India Caps Breakout Year With GSLV-III / Crew Capsule Suborbital Launch

Capsule Recovery : ISRO

Although the upper stage was inert,  the launch was suborbital and the capsule was an uncrewed re-entry demonstrator, rising space power India took a major step into the future with the December 18th launch of the GSLV Mk-III booster carrying the CARE crew module. Coming on the heels of the successful arrival of its Mars Orbiter Mission (MOM) at the Red Planet, India has had a very good year in space.

Details are in the press release below:


Credt: ISRO

December 18, 2014

First Experimental Flight of India’s Next Generation Launch Vehicle GSLV Mk-III Successful

The first experimental flight (GSLV Mk-III X/CARE) of India’s next generation launch vehicle GSLV Mk-III was successfully conducted today (December 18, 2014) morning from Satish Dhawan Space Centre SHAR, Sriharikota. Also known as LVM3-X/CARE, this suborbital experimental mission was intended to test the vehicle performance during the critical atmospheric phase of its flight and thus carried a passive (non-functional) cryogenic upper stage.

The mission began with the launch of GSLV Mk-III at 9:30 am IST from the Second Launch Pad as scheduled and about five and a half minutes later, carried its payload – the 3775 kg Crew Module Atmospheric Re-entry Experiment (CARE) – to the intended height of 126 km. Following this, CARE separated from the upper stage of GSLV Mk-III and re-entered the atmosphere and safely landed over Bay of Bengal with the help of its parachutes about 20 minutes 43 seconds after lift-off.

Two massive S-200 solid strap-on boosters, each carrying 207 tons of solid propellants, ignited at vehicle lift-off and after functioning normally, separated 153.5 seconds later. L110 liquid stage ignited 120 seconds after lift-off, while S200s were still functioning, and carried forward for the next 204.6 seconds.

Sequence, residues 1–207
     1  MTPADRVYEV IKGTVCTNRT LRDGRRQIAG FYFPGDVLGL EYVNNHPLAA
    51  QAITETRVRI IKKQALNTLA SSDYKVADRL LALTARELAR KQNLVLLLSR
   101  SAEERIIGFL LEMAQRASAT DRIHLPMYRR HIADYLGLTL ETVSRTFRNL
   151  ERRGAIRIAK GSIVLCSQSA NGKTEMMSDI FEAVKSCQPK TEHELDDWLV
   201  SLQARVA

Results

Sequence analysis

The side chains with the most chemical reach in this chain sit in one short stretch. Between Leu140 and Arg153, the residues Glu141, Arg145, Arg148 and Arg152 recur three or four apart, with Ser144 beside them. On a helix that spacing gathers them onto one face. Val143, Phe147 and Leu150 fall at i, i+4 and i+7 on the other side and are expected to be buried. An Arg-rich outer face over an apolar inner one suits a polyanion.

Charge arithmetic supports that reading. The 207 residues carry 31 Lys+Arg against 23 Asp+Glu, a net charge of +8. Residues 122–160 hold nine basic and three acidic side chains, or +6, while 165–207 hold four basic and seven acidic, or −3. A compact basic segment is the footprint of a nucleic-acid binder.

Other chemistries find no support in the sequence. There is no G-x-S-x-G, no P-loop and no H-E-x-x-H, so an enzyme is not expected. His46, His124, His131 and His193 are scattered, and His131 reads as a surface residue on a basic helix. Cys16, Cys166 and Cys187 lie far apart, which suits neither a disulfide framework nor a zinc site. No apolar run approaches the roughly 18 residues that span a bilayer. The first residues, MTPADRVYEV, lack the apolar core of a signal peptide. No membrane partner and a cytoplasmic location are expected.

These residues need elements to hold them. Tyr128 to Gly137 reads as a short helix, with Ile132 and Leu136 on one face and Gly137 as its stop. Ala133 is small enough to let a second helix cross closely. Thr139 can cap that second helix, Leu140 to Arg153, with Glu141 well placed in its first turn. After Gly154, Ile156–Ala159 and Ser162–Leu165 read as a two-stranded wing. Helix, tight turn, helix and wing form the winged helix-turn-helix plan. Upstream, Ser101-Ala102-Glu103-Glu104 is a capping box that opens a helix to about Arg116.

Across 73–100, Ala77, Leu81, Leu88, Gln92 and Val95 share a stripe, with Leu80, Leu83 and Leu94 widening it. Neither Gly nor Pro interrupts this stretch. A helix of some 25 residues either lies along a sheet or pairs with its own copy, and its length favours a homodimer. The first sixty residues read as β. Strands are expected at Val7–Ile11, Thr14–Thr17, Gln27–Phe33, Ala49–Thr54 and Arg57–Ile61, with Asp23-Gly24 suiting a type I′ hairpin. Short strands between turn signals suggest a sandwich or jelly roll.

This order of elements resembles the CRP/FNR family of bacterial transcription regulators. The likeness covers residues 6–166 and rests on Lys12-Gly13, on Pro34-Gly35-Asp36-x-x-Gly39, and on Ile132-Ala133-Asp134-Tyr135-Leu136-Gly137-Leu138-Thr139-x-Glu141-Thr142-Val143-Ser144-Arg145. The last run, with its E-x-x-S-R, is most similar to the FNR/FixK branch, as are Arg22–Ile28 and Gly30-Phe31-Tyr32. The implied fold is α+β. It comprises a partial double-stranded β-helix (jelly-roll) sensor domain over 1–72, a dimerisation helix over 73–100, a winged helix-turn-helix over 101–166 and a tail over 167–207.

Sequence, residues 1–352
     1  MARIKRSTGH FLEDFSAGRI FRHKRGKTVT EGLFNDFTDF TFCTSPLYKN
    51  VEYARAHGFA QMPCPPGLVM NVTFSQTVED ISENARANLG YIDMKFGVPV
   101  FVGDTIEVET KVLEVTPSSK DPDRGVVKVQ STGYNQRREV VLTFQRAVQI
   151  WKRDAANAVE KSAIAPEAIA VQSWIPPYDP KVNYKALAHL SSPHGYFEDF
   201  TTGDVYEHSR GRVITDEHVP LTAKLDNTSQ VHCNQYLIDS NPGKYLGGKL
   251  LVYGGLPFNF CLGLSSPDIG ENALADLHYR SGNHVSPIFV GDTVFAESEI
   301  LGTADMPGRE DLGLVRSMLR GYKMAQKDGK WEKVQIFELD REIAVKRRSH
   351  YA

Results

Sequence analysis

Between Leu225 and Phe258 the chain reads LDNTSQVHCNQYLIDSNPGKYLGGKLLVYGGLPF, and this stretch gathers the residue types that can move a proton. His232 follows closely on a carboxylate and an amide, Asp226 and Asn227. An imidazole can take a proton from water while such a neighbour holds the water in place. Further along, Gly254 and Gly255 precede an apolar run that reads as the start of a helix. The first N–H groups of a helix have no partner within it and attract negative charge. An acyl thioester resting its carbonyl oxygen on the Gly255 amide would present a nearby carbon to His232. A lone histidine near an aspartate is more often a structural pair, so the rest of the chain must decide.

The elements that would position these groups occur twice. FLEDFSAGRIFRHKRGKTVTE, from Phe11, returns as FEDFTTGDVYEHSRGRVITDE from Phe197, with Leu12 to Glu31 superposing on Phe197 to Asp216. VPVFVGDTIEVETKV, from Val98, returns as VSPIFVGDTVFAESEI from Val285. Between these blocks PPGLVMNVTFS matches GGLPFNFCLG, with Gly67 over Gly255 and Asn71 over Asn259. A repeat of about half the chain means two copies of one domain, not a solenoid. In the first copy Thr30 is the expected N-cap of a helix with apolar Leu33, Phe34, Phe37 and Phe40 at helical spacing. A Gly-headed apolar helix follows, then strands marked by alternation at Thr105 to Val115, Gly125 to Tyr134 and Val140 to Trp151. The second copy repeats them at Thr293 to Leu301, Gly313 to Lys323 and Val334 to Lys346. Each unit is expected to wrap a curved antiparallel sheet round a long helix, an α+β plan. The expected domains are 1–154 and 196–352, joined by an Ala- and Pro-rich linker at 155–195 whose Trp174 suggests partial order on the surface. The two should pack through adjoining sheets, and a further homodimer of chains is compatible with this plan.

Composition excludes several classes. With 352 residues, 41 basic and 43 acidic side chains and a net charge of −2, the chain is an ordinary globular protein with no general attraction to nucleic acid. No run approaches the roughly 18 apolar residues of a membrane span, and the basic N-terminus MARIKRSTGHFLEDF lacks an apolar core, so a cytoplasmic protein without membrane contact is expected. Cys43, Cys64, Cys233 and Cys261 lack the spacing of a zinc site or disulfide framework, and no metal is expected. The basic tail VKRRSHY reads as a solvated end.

CARE separated from the passive C25 cryogenic upper stage of GSLV Mk-III 330.8 seconds after lift-off and began its guided descent for atmospheric re-entry.

After the successful re-entry phase, CARE module’s parachutes opened, following which it gently landed over Andaman Sea about 1600 km from Sriharikota, there by successfully concluding the GSLV Mk-III X/CARE mission.

With today’s successful GSLV Mk-III X / CARE mission, the vehicle has moved a step closer to its first developmental flight with the functional C25 cryogenic upper stage.

Posted in: GSLV, India Space

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  1. I actually had no idea India was this close to manned flight. So the new Indian capsule gets its first test in the same week as the first test of Orion. Any bets which one is the first to carry passengers?

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